There are two other options presented on the Welcome screen: release notes and update this installer. Clicking on the blue underlined release notes will open a web page containing any important information regarding the current version of Ubuntu. Clicking update this installer will search the Internet for any updates to the Ubuntu Live CD that may have been released since your CD was created.
Erase and use the entire disk
Use this option if you want to erase your entire disk. This will delete any existing operating systems that are installed on that disk, such as Windows XP, and install Ubuntu in its place. This option is also useful if you have an empty hard drive, as Ubuntu will automatically create the necessary partitions for you.
Many people installing Ubuntu for the first time are currently using either Windows XP, Windows Vista, Windows 7, or Mac OS X on their computer. Ubuntu provides you with the option of either replacing your existing operating system altogether, or installing Ubuntu alongside your existing system.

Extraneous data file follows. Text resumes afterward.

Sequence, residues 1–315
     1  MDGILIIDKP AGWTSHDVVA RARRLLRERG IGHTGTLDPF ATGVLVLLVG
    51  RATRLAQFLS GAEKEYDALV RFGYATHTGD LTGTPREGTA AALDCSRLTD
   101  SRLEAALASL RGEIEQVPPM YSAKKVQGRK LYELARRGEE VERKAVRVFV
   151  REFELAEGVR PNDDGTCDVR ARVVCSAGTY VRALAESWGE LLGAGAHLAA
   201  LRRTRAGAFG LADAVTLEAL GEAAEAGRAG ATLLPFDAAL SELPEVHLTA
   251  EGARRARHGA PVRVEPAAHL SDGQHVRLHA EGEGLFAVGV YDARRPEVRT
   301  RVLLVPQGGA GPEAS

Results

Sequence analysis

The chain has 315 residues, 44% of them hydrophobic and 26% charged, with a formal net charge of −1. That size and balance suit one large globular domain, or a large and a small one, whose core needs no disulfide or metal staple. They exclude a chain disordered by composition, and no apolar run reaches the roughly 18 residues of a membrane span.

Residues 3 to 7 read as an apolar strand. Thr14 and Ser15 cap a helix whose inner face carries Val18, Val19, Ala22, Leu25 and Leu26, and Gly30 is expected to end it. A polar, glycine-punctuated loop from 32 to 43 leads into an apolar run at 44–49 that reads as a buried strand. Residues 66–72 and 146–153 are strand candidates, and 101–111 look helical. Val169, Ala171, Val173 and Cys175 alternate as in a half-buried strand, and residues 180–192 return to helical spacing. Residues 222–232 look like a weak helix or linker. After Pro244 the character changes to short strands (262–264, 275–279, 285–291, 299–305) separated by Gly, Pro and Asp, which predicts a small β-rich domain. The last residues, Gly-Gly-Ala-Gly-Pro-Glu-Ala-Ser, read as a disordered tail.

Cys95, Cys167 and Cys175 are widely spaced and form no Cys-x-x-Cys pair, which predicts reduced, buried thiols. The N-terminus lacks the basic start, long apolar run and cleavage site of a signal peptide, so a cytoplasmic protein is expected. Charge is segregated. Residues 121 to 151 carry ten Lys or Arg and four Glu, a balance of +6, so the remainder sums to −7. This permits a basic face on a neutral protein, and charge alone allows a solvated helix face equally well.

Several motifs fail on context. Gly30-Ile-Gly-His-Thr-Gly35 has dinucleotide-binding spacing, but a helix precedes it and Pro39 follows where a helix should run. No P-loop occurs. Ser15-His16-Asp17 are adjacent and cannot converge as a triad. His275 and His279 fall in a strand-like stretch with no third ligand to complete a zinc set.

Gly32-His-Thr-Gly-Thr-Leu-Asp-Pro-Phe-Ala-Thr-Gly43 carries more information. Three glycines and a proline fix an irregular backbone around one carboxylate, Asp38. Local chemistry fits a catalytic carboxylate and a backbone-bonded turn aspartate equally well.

The latter is called dual-booting. Whenever you turn on or restart your computer, you will be given the option to select which operating system you want to use for that session.
If you already have another operating system installed on your hard drive, and want to install Ubuntu alongside it, choose the Install them side by side, choosing between them each startup option.
Ubuntu will automatically detect the other operating system and install Ubuntu alongside it. For more complicated dual-booting setups, you will need to configure the partitions manually.
Specifying partitions manually
This option is for more advanced users and is used to create special partitions, or format the hard drive with a filesystem different to the default one. It can also be used to create a separate /home partition. This can be very useful in case you decide to reinstall Ubuntu, as it allows you to format and reinstall the operating system, whilst keeping all your personal files and program settings intact in a separate partition.
Because this is quite an advanced task, we have omitted the details from this edition of Getting Started with Ubuntu. You can see more information and detailed instructions on partitioning here: https://help.ubuntu.com/community/HowtoPartition.
Once you are happy with the way the partitions are going to be set up, click the Forward button at the bottom to move on.
Ubuntu installs a home folder where your personal files and configuration data are located by default. If you choose to have your home folder on a separate partition, then in the event that you decide to reinstall Ubuntu or perform a fresh upgrade to the latest release, your personal files and configuration data won’t be lost.